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torchsde vs DifferentialEquations.jl / DiffEqFlux.jl (Julia) benchmarks

torchsde vs DifferentialEquations.jl / DiffEqFlux.jl (Julia)

This example is a 4-dimensional geometric brownian motion. The code for the torchsde version is pulled directly from the torchsde README so that it would be a fair comparison against the author's own code. The only change to that example is the addition of a dt choice so that the simulation method and time step matches between the two different programs.

The SDE is solved 100 times. The summary of the results is as follows:

  • torchsde: 1.87 seconds
  • DifferentialEquations.jl: 0.00115 seconds

This demonstrates a 1,600x performance difference in favor of Julia on the Python library's README example. Further testing against torchsde was not able to be completed because of these performance issues.

Note about regularity

We note that the performance difference in the context of neural SDEs is likely smaller due to the ability to time spent in matrix multiplication kernels. However, given that full SDE training examples like demonstrated here generally take about a minute, we still highly expect a major performance difference but currently do not have the compute time to run a full demonstration.

using StochasticDiffEq, StaticArrays
const μ = 0.5ones(4)
const σ = 0.1ones(4)
f(du,u,p,t) = du .= μ .* u
g(du,u,p,t) = du .= σ .* u
u0 = 0.1ones(4)
tspan = (0.0,1.0)
saveat = range(0.0,1.0,length=20)
prob = SDEProblem(f,g,u0,tspan)
@time for i in 1:100
sol = solve(prob,SRIW1(),adaptive=false,dt=saveat[2])
end
#0.001154 seconds (16.50 k allocations: 1.109 MiB)
#0.001162 seconds (16.50 k allocations: 1.109 MiB)
#0.001148 seconds (16.50 k allocations: 1.109 MiB)
import torch
from torchsde import sdeint
class SDE(torch.nn.Module):
def __init__(self, mu, sigma):
super().__init__()
self.noise_type="diagonal"
self.sde_type = "ito"
self.mu = mu
self.sigma = sigma
def f(self, t, y):
return self.mu * y
def g(self, t, y):
return self.sigma * y
batch_size, d, m = 4, 1, 1 # State dimension d, Brownian motion dimension m.
geometric_bm = SDE(mu=0.5, sigma=1)
y0 = torch.zeros(batch_size, d).fill_(0.1) # Initial state.
ts = torch.linspace(0, 1, 20)
ys = sdeint(geometric_bm, y0, ts)
def time_func():
ys = sdeint(geometric_bm, y0, ts, adaptive=False, dt=ts[1], options={'trapezoidal_approx': False})
timeit.Timer(time_func).timeit(number=100)
# 1.8681289999999535 seconds
# 1.8695188000001508 seconds
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lxuechen commented Jul 30, 2020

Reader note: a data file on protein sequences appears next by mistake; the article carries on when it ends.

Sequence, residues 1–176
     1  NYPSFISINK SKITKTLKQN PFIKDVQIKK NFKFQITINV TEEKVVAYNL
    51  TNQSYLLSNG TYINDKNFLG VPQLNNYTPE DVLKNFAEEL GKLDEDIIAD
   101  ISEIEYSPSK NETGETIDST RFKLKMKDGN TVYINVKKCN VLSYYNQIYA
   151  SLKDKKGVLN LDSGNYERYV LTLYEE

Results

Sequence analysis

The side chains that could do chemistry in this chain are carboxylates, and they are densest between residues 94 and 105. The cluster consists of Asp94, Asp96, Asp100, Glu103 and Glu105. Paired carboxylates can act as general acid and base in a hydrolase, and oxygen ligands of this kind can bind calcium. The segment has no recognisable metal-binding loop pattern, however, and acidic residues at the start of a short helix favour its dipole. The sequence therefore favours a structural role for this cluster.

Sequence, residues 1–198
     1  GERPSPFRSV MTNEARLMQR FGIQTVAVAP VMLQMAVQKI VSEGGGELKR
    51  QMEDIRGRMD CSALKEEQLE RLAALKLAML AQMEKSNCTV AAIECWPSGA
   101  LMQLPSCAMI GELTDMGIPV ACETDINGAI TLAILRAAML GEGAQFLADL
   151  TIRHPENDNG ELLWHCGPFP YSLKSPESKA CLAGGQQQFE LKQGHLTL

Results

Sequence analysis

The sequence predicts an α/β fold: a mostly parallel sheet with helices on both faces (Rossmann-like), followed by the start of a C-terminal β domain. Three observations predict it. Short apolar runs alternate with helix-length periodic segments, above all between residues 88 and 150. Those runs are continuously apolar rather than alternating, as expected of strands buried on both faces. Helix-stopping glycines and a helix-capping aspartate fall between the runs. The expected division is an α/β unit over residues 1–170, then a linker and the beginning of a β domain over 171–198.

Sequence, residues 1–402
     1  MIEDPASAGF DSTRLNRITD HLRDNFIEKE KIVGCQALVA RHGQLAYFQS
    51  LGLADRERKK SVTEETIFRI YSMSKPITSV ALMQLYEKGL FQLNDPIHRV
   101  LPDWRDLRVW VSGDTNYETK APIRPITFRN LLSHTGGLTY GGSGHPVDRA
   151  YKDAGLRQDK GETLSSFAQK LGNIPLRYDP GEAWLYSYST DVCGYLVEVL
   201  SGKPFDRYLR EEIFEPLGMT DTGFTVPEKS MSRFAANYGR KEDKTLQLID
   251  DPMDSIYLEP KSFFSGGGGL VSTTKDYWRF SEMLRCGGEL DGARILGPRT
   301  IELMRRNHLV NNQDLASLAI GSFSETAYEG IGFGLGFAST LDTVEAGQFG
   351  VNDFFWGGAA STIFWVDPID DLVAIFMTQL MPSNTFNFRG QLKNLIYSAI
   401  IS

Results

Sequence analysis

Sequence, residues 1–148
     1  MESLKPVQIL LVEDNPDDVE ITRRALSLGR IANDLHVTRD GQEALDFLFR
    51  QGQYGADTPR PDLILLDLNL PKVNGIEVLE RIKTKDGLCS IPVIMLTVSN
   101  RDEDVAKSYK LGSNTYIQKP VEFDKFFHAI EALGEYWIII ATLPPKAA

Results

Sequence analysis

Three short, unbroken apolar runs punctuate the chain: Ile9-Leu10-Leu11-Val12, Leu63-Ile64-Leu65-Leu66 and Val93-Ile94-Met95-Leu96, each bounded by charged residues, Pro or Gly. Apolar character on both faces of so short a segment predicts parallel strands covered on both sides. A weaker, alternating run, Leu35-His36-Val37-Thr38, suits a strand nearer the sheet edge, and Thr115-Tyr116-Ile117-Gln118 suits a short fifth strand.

Thanks for these benchmarks. We just added a new Brownian motion implementation in C++, which can be imported as from torchsde.brownian_lib import BrownianPath for torch==1.5.0/1.5.1 (it currently breaks in 1.6.0 due to some changes in PyTorch C++ API for generators, but I'll fix it this weekend). You'll likely see improvements with this version.

Also for method="srk", you could feed to sdeint the additional input options={'trapezoidal_approx': False} for performance. This will give a big difference. This option was there since the first release, but I didn't fully document it. This will also be fixed soon.

Overall, we are still working on Python-end micro-optimization and porting more code to C++. Ultimately, for tiny problems that are ran on CPUs, it's not unexpected that the Python interpreter overhead might dominate.

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lxuechen commented Jul 30, 2020

Here's the code using the above described features

import torch
from torchsde import sdeint
from torchsde.brownian_lib import BrownianPath
import timeit

class SDE(torch.nn.Module):

    def __init__(self, mu, sigma):
        super().__init__()
        self.noise_type="diagonal"
        self.sde_type = "ito"
        self.mu = mu
        self.sigma = sigma

    def f(self, t, y):
        return self.mu * y

    def g(self, t, y):
        return self.sigma * y

batch_size, d, m = 4, 1, 1  # State dimension d, Brownian motion dimension m.
geometric_bm = SDE(mu=0.5, sigma=1)
y0 = torch.zeros(batch_size, d).fill_(0.1)  # Initial state.
ts = torch.linspace(0, 1, 20)
bm = BrownianPath(t0=0.0, w0=torch.zeros(batch_size, m))
ys = sdeint(geometric_bm, y0, ts, bm=bm, adaptive=False, dt=ts[1])

def time_func():
    bm = BrownianPath(t0=0.0, w0=torch.zeros(batch_size, m))